BYRON BROWNEByron Browne was a central figure in many of the artistic and political groups that flourished during the 1930s. He was an early member of the Artists’ Union, a founding member of the American Abstract Artists, and participated in the Artists’ Congress until 1940 when political infighting prompted Browne and others to form the break-away Federation of Modern Painters and Sculptors. Browne’s artistic training followed traditional lines. From 1925 to 1928, he studied at the National Academy of Design, where in his last year he won the prestigious Third Hallgarten Prize for a still-life composition. Yet before finishing his studies, Browne discovered the newly established Gallery of Living Art. There and through his friends John Graham and Arshile Gorky, he became fascinated with Picasso, Braque, Miró, and other modern masters.

The mid 1930s were difficult financially for Browne. His work was exhibited in a number of shows, but sales were few. Relief came when Burgoyne Diller began championing abstraction within the WPA’s mural division. Browne completed abstract works for Studio D at radio station WNYC, the U.S. Passport Office in Rockefeller Center, the Chronic Disease Hospital, the Williamsburg Housing Project, and the 1939 World’s Fair. Although Browne destroyed his early academic work shortly after leaving the National Academy, he remained steadfast in his commitment to the value of tradition, and especially to the work of Ingres. Browne believed, with his friend Gorky, that every artist has to have tradition. Without tradition art is no good. Having a tradition enables you to tackle new problems with authority, with solid footing.”

Browne’s stylistic excursions took many paths during the 1930s. His WNYC mural reflects the hard-edged Neo-plastic ideas of Diller, although a rougher Expressionism better suited his fascination for the primitive, mythical, and organic. A signer, with Harari and others, of the 1937 Art Front letter, which insisted that abstract art forms “are not separated from life,” Browne admitted nature to his art—whether as an abstracted still life, a fully nonobjective canvas built from colors seen in nature, or in portraits and figure drawings executed with immaculate, Ingres-like finesse. He advocated nature as the foundation for all art and had little use for the spiritual and mystical arguments promoted by Hilla Rebay at the Guggenheim Collection: “When I hear the words non-objective, intra-subjective, avant-garde and such trivialities, I run. There is only visible nature, visible to the eye or, visible by mechanical means, the telescope, microscope, etc.”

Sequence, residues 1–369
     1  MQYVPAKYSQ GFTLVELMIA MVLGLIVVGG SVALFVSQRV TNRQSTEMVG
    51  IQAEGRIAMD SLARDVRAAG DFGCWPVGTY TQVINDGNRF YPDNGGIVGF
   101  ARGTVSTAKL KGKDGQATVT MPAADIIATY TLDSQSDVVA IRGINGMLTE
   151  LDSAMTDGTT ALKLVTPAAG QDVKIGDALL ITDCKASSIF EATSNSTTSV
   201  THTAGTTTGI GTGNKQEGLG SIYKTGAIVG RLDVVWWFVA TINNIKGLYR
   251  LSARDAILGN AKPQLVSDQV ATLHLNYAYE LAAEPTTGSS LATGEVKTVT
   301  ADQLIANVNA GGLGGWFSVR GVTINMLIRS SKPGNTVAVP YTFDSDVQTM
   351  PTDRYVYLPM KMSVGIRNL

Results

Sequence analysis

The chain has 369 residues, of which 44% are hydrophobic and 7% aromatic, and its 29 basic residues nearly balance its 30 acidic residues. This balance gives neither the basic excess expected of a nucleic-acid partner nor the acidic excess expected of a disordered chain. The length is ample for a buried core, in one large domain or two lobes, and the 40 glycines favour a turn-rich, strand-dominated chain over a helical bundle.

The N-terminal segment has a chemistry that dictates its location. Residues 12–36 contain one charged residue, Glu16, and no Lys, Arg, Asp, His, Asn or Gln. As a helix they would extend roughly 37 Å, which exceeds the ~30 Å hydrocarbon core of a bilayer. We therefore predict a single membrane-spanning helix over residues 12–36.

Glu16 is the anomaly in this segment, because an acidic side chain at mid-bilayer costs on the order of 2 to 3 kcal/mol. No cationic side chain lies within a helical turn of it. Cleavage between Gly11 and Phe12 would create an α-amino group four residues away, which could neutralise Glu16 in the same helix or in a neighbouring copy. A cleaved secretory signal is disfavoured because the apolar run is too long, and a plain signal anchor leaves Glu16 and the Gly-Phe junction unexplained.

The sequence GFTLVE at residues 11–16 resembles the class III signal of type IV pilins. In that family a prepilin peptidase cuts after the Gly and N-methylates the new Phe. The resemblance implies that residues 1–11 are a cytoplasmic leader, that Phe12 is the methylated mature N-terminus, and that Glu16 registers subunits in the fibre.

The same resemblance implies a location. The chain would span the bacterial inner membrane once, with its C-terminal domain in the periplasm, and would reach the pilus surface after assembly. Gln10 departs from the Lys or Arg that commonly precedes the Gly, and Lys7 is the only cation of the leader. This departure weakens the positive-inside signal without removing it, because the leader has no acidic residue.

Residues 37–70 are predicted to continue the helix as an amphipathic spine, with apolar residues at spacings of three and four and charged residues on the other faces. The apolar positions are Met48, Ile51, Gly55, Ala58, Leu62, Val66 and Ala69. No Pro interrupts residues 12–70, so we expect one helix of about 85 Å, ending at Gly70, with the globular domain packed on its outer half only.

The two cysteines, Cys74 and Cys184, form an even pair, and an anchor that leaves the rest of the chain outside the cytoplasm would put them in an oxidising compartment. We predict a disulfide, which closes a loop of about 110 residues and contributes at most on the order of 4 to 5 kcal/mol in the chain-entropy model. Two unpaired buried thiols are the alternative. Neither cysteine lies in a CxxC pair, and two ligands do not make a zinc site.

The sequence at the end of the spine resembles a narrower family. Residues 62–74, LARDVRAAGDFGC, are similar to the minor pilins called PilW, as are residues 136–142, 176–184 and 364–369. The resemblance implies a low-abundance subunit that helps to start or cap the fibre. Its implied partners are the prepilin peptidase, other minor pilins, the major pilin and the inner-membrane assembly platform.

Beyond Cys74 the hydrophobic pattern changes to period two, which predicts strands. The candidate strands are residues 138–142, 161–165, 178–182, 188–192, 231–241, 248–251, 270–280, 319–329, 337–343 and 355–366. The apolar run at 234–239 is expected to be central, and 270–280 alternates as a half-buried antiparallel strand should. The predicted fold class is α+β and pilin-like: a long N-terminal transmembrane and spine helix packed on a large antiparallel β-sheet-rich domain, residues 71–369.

Increasingly in the 1940s, Browne adopted an energetic, gestural style. Painterly brushstrokes and roughly textured surfaces amplified the primordial undercurrents posed by his symbolic and mythical themes.
In 1945, Browne showed with Adolph Gottlieb, William Baziotes, David Hare, Hans Hofmann, Carl Holty, Romare Bearden, and Robert Motherwell at the newly opened Samuel Kootz Gallery. The Kootz Gallery was one of the premier art galleries in mid-century New York. Started by art dealer Samuel Kootz in 1944, it not only helped finance the works of emerging artists like Motherwell and Baziotes in the late 1940s, but it also offered the first post-World War II retrospective of Picasso in 1947. Kootz had a finely-tuned eye for great Abstract Expressionist artwork: when Jackson Pollock rose to fame in the late 1940s with his signature “drips,” Kootz reminded the public that Hans Hofmann was producing “drip” paintings as far back as 1940. With prior experience as an advertising executive, Kootz was also a relentless promoter for his gallery’s exhibits, trying to appeal to as wide an audience as possible. Kootz attempted to imbue his gallery’s shows with a sense of grandeur, as if each one was a true cultural event. In 1947, the first ever Picasso exhibition in the U.S. following the end of World War II took place at the Kootz Gallery. For a time, Kootz was Picasso’s exclusive representative and dealer in the U.S. When Kootz suspended business for a year in 1948, Browne began showing at Grand Central Galleries. In 1950, he joined the faculty of the Art Students League, and in 1959 he began teaching advanced painting at New York University.

Browne’s paintings are in many private and public collections including:

Arizona State University Art Museum
Boca Raton Museum of Art
Butler Institute of American Art
Carnegie Museums of Pittsburgh/Carnegie Institute
Chrysler Museum of Art
Dallas Museum of Art
Everson Museum Of Art
Fogg Art Museum: Harvard University Art Museums
Frederick R Weisman Art Museum
Georgia Museum of Art
Herbert F Johnson Museum of Art
High Museum of Art
Hirshhorn Museum and Sculpture Garden
Joe & Emily Lowe Art Center
Kresge Art Museum
Memorial Art Gallery
Milwaukee Art Museum
Montgomery Museum of Fine Arts
Munson-Williams-Proctor Arts Institute
National Museum of American Art-Smithsonian
Neuberger Museum of Art
New Jersey State Museum
Pennsylvania Academy of the Fine Arts
Roswell Museum and Art Center
Staten Island Museum
The Brooklyn Museum of Art
The Canton Museum of Art
The Columbus Museum of Art, Georgia
The Fred Jones Jr. Museum of Art
The Hudson River Museum
The Newark Museum
The University of Arizona Museum of Art
The University of Michigan Museum of Art
Ulrich Museum of Art


Artworks for Sale